(University of Oslo, Norway)
Research on higher education in Europe has argued since the 1980s that as a result of converging national reform agendas key aspects of higher education system governance, organisation and funding have become more identical throughout the Continent. This research was inspired by world society theory and also emphasized the homogenizing impact of New Public Management (NPM). References were made to a global trend in higher education in which a 'global reform script' was underlying a gradual homogenization of national higher education systems' structures and cultures. The 'global script' addressed the importance of enlarging university and college autonomy, professionalising institutional leadership and administration, creating more competition, reducing public funding levels, changing the system structure, and strengthening university excellence. However, more recent research shows that instead of a growing convergence, traditional differences among European higher education systems have remained at best stable and in many cases have even grown. How can this be explained?
In this presentation I will argue that for understanding reform effects, reform instrumentation and implementation are more important than reform agendas. In addition, national, sector and organisational 'filters' affect how policy aims and reform intentions are perceived, framed, assessed and implemented in practice. In this I will focus especially on variations in public governance ideologies which have a major impact on how 'global reform ideas' are translated into national policy and reform trajectories.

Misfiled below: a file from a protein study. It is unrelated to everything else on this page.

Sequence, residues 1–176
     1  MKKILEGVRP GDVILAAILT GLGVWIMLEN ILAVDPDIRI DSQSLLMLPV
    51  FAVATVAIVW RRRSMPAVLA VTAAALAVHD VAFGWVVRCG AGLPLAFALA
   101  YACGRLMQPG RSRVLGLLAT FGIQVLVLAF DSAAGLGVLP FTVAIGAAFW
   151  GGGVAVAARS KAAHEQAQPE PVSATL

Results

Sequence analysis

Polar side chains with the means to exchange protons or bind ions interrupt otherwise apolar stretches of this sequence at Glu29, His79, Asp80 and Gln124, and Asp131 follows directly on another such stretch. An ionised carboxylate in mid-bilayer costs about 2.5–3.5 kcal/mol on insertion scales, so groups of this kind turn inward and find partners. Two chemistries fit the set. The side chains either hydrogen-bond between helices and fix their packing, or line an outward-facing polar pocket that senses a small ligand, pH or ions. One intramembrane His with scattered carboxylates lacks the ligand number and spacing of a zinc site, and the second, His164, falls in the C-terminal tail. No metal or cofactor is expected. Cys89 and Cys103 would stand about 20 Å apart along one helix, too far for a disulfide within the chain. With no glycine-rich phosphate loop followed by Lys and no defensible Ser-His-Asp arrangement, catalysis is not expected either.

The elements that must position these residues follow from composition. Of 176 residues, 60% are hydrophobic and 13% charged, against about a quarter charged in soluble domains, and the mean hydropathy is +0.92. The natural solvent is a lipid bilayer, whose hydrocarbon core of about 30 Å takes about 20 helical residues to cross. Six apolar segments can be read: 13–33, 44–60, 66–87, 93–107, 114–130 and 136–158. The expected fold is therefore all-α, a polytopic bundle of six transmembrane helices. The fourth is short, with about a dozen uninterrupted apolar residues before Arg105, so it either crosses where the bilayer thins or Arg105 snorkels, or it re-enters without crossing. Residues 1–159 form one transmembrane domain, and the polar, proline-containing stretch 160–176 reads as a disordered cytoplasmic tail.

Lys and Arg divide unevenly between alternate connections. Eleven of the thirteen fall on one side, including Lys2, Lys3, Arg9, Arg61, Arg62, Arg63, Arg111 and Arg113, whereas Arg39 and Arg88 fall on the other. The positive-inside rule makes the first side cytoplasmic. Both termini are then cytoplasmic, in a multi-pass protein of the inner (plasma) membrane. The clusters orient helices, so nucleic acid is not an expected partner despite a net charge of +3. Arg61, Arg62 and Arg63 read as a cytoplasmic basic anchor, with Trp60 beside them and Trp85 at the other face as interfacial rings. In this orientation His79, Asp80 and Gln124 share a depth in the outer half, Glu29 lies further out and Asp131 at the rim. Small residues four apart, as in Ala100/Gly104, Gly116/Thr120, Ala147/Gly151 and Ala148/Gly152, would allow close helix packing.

Peter Maassen is professor in Higher Education Studies at the University of Oslo (UiO), Norway; extraordinary professor at SciSTIP, a Center of Excellence at the University of Stellenbosch, South Africa; and fellow at the Steinhardt Institute for Higher Education Policy, New York University, USA. His main current research interest concerns the public governance of higher education and science, with a special interest in 'the quality of governance'. Before moving to Norway in 2000 he was working for the Center for Higher Education Policy Studies (CHEPS), University of Twente, the Netherlands. He has been a member of many national and international expert panels in higher education, and is currently as external expert participating in the work of the Research Committee of the German Science Council. He is the editor of the academic book series Higher Education Dynamics (Springer), and has (co-)produced over 200 international articles, books, and reports.
Wednesday, 16 January 2019, 4.00–5.30 p.m. | Vogelpothsweg 78 (CDI building), room 114
Center for Higher Education (zhb)
Professorship of Higher Education